|( ! ) Notice: Undefined index: name in /var/www/caradvice/wp-content/themes/caradvice/skin/models/footer.php on line 113|
|2||0.0014||391392||require( '/var/www/caradvice/wp-blog-header.php' )||../index.php:19|
|3||0.1629||27055128||require_once( '/var/www/caradvice/wp-includes/template-loader.php' )||../wp-blog-header.php:16|
|4||0.1641||27068392||include( '/var/www/caradvice/wp-content/themes/caradvice/index.php' )||../template-loader.php:74|
The Mercedes-Benz Citan will join the brand’s Australian line-up next year following its official unveiling at the IAA Commercial Vehicle Show in Hanover in September.
The Citan (a portmanteau of ‘city’ and ‘titan’) will be a new series of urban commercial vehicles primarily designed to grab a share of Europe’s expanding small van segment, slotting in below the larger Vito, Vario and Sprinter models.
Mercedes-Benz Australia’s David McCarthy says the Citan is set to go on sale locally around the middle of 2013, taking on vehicles like the Volkswagen Caddy, Renault Kangoo and Citroen Berlingo.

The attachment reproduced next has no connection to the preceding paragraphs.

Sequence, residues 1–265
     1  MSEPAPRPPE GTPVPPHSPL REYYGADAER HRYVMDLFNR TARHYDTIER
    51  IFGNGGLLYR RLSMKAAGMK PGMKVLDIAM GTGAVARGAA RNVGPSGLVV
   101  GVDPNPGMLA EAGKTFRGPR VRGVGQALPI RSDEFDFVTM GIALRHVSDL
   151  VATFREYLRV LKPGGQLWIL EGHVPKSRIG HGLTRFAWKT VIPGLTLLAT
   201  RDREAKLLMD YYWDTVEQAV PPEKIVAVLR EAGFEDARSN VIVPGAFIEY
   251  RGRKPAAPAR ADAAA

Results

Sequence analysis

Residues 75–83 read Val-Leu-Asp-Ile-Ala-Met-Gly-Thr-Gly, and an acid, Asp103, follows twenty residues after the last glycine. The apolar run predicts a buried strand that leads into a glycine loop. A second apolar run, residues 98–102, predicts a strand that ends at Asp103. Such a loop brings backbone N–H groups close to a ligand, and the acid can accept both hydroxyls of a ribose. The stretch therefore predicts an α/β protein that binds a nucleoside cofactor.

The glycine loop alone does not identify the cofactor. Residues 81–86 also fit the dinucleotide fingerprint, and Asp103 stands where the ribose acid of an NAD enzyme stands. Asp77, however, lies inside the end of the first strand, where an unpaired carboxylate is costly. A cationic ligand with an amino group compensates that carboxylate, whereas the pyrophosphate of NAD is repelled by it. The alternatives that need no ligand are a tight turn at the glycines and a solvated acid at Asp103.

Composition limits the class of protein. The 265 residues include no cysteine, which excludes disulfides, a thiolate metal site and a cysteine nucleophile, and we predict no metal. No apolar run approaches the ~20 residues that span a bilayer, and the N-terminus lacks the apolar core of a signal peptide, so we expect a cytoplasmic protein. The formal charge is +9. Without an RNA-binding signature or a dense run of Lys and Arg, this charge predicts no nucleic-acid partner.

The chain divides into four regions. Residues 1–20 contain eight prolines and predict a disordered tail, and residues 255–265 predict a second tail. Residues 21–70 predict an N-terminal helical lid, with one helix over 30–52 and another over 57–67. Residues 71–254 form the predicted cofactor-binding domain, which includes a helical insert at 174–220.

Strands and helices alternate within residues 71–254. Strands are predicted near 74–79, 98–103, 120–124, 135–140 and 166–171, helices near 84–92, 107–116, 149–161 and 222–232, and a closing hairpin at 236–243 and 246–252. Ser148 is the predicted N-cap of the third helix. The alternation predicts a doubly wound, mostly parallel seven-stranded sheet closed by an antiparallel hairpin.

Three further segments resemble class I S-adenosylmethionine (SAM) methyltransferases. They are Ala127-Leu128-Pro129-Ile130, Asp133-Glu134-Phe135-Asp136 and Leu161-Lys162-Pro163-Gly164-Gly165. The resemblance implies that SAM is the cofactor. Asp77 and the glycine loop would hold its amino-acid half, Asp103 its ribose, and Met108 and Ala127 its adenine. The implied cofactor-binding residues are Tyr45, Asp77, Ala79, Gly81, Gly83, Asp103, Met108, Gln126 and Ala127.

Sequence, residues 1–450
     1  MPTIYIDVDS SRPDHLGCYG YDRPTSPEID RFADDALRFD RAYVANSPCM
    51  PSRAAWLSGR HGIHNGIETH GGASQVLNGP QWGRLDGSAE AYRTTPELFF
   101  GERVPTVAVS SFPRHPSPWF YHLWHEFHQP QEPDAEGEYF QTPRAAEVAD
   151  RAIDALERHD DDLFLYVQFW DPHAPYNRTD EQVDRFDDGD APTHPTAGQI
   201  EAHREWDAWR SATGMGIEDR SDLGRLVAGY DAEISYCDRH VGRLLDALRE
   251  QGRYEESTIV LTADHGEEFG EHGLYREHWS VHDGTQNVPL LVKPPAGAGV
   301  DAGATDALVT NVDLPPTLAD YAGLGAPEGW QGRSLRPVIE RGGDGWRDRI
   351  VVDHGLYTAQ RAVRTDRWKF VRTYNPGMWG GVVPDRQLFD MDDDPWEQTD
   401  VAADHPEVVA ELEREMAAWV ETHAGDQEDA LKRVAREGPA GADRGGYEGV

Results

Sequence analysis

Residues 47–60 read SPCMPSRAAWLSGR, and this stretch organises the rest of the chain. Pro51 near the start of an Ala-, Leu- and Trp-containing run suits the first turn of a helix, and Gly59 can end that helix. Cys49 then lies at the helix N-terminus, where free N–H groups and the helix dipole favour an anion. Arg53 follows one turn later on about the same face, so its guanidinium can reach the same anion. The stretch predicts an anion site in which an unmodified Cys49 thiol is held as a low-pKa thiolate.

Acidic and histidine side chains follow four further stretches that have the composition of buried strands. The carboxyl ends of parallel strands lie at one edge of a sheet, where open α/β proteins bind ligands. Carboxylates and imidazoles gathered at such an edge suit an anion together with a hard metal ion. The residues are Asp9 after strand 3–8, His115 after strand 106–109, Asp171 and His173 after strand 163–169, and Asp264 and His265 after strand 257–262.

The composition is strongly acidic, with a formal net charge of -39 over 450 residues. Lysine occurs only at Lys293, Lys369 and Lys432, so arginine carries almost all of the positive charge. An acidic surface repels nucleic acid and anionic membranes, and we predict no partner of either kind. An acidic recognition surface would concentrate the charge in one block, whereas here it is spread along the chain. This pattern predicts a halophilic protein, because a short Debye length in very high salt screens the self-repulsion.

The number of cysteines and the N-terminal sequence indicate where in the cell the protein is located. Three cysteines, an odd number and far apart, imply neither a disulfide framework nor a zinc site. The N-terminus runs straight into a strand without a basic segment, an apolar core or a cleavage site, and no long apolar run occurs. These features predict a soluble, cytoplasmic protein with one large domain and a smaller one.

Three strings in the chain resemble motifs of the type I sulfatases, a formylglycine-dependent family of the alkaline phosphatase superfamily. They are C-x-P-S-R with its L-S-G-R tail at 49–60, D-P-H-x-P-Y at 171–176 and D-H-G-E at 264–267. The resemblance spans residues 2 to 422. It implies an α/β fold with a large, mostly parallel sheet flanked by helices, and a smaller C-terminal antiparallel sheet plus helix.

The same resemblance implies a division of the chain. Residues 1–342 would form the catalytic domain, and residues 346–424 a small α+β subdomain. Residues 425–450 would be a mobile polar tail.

McCarthy said a panel van variant was locked in for our market, and confirmed the local brand was also considering a passenger version. He suggested the local range could include two different wheelbase lengths as well as two vehicle heights, although the specifications are still some way off being finalised.
Mercedes describes the Citan as a “durable and robust” van designed to suit the needs of service, sales and trade workers, combining large interior dimensions with a compact exterior.
A range of petrol and diesel engines will be offered, and an electric version is also planned. Every Citan will come equipped with electronic stability control as standard.
The Citan’s styling draws on the current design language of Mercedes’ passenger car range, with large headlights, an upright grille, and a clean interior with SLS-style, jet engine-inspired air vents. McCarthy confirmed the production model’s styling remains faithful to these sketches.
Mercedes-Benz wants the Citan to take a four to five per cent share of the small van market in Europe, which last year accounted for around 700,000 vehicles.
McCarthy said it was difficult to project Australian sales at this stage, but said he expected it to be competitive in the market.
“If you look at the other vehicles in that segment, there’s no reason why it couldn’t do similar numbers.”
The Volkswagen Caddy accounted for 55 per cent of Australia’s sub-2.5-tonne van segment in 2011, with 1842 units sold.